Angela Natividad's Live & Uncensored!

24 October 2019

Inklust #24: Lessons from Circe

Let me say what sorcery is not: it is not divine power, which comes with a thought and a blink. It must be made and worked, planned and searched out, dug up, dried, chopped and ground, cooked, spoken over, and sung. Even after all that, it can fail, as gods do not. If my herbs are not fresh enough, if my attention falters, if my will is weak, the draughts go stale and rancid in my hands.
Circe, Madeline Miller

I have been studying witchcraft for a year. It's creative and interesting, learning to use herbs, draw sigils, design spells suited for the purpose, memorise incantations, choose the moment, focus. Focus, focus. All this requires understanding your own intent, honing it to a sharp point.

...the draughts go stale and rancid in my hands.

This past year I learnt how little we actually know of what we want—past what we're asked to want, past what's appropriate, past what makes money, past a stagnated dream we've probably outgrown. What do we want when all the jockeying and the incentives to parrot a well-learnt response go away?

Strong will, the capacity to bend reality to your desire by magic or otherwise, requires an intimate connection with oneself. Everything, everyone, works to keep us from achieving that. (Our systems are fragile. We don't know this, don't think of it, but they rely entirely on our self-doubt—our bottomless need to find some solution outside ourselves, coupled with the suspicion that we are never quite doing enough, never quite good right here.)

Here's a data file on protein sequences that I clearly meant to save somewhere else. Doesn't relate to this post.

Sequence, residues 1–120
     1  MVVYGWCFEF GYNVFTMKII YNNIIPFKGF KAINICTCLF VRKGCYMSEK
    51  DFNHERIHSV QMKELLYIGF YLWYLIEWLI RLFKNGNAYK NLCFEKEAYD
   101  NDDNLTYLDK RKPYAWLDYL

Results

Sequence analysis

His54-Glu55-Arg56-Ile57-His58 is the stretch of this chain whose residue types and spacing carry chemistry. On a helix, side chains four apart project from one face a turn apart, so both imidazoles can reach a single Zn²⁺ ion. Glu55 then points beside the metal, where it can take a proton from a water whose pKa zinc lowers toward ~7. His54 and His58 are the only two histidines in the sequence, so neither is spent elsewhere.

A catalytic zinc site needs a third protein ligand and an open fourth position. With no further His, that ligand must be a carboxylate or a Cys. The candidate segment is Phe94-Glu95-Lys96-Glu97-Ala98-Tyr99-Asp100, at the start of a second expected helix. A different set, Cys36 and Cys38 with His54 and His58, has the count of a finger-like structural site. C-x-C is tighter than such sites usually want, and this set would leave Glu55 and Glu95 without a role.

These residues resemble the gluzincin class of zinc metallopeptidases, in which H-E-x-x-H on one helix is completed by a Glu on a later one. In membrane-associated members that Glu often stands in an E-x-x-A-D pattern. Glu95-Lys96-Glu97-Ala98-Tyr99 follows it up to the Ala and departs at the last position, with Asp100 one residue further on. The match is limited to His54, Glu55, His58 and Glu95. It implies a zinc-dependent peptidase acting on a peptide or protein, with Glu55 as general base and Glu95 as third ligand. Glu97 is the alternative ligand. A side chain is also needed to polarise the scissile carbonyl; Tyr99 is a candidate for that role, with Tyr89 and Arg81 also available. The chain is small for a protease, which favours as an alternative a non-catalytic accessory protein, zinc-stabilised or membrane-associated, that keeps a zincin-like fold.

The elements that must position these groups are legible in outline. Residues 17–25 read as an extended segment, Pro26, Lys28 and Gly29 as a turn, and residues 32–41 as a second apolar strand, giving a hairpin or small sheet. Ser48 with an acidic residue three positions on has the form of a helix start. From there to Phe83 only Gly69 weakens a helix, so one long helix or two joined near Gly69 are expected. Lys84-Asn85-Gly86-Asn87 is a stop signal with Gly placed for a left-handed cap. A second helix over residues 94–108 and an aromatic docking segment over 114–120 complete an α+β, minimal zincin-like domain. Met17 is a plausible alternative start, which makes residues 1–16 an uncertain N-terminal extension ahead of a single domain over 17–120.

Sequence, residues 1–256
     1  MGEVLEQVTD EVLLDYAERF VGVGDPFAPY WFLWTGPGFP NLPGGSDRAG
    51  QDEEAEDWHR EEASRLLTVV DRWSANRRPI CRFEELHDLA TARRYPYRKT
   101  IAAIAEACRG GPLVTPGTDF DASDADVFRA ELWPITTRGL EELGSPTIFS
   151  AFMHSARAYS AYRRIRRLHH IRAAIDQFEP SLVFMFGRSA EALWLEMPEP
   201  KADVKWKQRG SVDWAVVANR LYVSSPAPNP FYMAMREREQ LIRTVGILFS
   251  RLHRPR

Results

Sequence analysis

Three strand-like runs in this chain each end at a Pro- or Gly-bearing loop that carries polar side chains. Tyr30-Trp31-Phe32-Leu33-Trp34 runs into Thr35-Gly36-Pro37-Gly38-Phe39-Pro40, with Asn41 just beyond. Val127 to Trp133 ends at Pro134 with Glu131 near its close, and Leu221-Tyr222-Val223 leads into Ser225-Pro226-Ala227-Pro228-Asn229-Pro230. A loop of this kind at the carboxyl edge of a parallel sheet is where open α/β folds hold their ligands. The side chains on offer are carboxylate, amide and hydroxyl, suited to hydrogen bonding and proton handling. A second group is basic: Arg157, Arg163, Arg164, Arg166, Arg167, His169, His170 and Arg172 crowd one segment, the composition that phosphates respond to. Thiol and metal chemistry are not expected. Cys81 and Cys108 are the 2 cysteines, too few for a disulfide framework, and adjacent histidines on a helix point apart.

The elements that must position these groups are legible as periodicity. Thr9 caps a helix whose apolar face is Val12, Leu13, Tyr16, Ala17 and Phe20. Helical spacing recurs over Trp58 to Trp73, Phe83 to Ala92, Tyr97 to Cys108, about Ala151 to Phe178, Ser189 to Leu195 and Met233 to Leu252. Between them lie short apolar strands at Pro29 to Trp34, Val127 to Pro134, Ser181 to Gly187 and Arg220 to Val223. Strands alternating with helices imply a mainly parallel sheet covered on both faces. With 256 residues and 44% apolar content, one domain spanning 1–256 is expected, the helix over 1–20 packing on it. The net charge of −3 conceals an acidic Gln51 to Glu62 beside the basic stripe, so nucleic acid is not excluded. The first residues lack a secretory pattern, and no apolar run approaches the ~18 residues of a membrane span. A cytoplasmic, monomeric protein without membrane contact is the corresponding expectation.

I also realised how much of our shared reality is magic: Our belief in the stability of money. Our unquestioned treatment of corporations as people. The misguided assumption that consumption of the right things will yield preservation of the planet at large.

Consumption is always the hero. Magical thinking. The wrong kind, though. It's the kind that fuels addiction.

Think on Circe: What it means to make magic with the earth, with space, with yourself, this moment; to sharpen the deepest part of you into a subtle knife. Don't let the draught go stale and rancid in your hands.

Photo Credit: "Circe Invidiosa" by John William Waterhouse. The title means "Jealous Circe"; she's pouring the draught that will turn Scylla, "her rival," into a monster. In other words: Just another "inspired" man capturing a woman mid-catfight. Sigh. But I like it because of that tilt in her head, the furrow in her brow: She's concentrating. Even after the potion-making's over, one must still do the work of intent and execution. Circe works hard. She does not fuck around.

What is "Inklust"? Boy am I glad you asked. Here's the manifesto: part I and part II.

No comments: